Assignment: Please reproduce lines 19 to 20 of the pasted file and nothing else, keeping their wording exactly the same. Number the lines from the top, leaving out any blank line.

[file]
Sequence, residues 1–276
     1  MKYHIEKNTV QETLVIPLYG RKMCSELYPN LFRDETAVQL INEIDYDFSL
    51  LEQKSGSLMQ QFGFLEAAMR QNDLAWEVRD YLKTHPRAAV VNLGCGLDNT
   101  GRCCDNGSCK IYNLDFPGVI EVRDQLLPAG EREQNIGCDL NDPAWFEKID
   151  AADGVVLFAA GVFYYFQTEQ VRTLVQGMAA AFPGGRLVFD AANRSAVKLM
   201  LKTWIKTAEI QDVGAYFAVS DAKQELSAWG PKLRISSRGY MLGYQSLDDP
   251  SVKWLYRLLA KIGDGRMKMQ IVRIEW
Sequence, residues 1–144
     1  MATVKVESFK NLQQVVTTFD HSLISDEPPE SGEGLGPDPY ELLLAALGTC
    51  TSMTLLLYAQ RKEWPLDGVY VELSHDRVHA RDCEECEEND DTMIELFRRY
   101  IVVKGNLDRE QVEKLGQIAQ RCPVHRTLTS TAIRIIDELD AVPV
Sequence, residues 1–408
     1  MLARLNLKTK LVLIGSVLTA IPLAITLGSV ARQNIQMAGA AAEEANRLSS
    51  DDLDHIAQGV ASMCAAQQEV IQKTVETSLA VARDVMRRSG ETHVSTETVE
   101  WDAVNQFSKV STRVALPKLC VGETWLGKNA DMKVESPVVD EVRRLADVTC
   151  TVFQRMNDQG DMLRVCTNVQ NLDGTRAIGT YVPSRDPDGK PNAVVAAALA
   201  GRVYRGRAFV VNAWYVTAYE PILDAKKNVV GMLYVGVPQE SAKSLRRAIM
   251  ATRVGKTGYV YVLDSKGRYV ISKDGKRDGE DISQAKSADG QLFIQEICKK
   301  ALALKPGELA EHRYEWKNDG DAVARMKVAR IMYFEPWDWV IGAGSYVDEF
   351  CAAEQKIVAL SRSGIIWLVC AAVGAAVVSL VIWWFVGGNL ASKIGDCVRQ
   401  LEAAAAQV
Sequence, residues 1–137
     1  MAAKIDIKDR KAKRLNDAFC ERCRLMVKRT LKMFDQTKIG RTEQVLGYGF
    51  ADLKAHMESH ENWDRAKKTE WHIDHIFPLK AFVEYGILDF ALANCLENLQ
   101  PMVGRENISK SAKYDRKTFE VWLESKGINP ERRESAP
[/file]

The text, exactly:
   301  ALALKPGELA EHRYEWKNDG DAVARMKVAR IMYFEPWDWV IGAGSYVDEF
   351  CAAEQKIVAL SRSGIIWLVC AAVGAAVVSL VIWWFVGGNL ASKIGDCVRQ